Fort Wayne, Indiana – Magistrate Judge Roger Cosbey of the Northern District of Indiana denied the motion for transfer filed by patent attorneys for Anchor Packaging, Inc. of St. Louis, Missouri (“Anchor”). Anchor sought a transfer of the declaratory judgment action filed by Mullinix Packages, Inc. of Fort Wayne, Indiana (“Mullinix”) to the Eastern District of Missouri where Anchor has a related, but later-filed infringement suit pending against Mullinix. Both patent infringement lawsuits pertain to the alleged infringement by Mullinix of Patent Nos. D679,587; D675,919 and D570,681, which were issued by the U.S. Patent Office.
Anchor and Mullinix are competitors in the commercial packaging industry. Prior to 2010, Anchor had been the primary supplier of mashed potato containers to Bob Evans Farms, Inc., a position now assumed by Mullinix. According to Mullinix, mashed potato container sales peak dramatically during the fourth quarter of the year and Mullinix’s ability to meet Bob Evans’s demand for containers during this period is critical to maintaining a successful relationship. It was around this time that patent lawyers for Anchor demanded that Mullinix cease and desist selling a tray that Anchor asserted was of a substantially similar design as trays claimed in three of Anchor’s patents.
While the cease-and-desist letter sent by Anchor’s patent counsel indicated that Anchor’s “interest is a resolution of this matter and not litigation,” Mullinix filed a complaint for declaratory judgment in the Northern District of Indiana shortly thereafter. Several weeks later, Anchor responded by filing a complaint for patent infringement in the Eastern District of Missouri.
In this opinion, Magistrate Judge Roger Cosbey, writing for the Northern District of Indiana, addresses Anchor’s motion to transfer Mullinix’s Indiana complaint for declaratory judgment for patent non-infringement to Missouri.
Anchor argued that the case should be transferred because (1) Mullinix filed its declaratory judgment action in anticipation of Anchor’s infringement suit, (2) a critical non-party witness is outside this Court’s subpoena power, but within the range of the Eastern District of Missouri, and (3) the Eastern District of Missouri is a more convenient forum.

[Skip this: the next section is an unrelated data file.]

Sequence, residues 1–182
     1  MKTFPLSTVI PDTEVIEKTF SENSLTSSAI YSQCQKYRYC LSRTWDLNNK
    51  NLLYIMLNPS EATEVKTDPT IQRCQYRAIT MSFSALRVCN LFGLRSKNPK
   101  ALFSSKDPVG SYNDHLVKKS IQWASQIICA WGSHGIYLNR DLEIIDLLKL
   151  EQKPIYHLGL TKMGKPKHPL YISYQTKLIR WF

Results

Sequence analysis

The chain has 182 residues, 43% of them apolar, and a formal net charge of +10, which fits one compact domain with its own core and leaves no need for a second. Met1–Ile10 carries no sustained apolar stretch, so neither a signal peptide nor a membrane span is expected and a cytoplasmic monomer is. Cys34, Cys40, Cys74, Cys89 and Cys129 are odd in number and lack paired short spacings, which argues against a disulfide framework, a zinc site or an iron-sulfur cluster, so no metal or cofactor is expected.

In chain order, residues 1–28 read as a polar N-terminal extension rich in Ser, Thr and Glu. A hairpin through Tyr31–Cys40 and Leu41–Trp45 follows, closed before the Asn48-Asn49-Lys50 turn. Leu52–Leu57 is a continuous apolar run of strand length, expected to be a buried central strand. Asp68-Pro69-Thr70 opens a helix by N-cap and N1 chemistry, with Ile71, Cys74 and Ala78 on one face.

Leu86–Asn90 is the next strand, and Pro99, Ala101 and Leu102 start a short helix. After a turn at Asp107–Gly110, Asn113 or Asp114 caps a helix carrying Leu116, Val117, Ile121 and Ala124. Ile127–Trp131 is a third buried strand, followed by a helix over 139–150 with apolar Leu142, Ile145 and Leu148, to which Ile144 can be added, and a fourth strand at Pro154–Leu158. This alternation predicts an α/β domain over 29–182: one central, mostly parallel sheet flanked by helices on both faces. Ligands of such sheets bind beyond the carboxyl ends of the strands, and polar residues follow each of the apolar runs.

The court evaluated Anchor’s request for transfer under § 1404(a) under precedent set by the Seventh Circuit. Under § 1404(a), a court may transfer a case if the moving party shows that: (1) venue was proper in the transferor district, (2) venue and jurisdiction would be proper in the transferee district, and (3) the transfer will serve in the convenience of the parties and the witnesses as well as the interests of justice.
As neither party disputed that both the Indiana and Missouri courts have jurisdiction and are proper venues, the court focused its analysis on the third factor. As the party requesting transfer, Anchor has the burden to show that the Eastern District of Missouri would be “clearly more convenient” than the Northern District of Indiana. In evaluating convenience, the factors to consider are: “(1) the plaintiff’s choice of forum, (2) the situs of the material events, (3) the relative ease of access to sources of proof, (4) the convenience of the parties, and (5) the convenience of the witnesses.”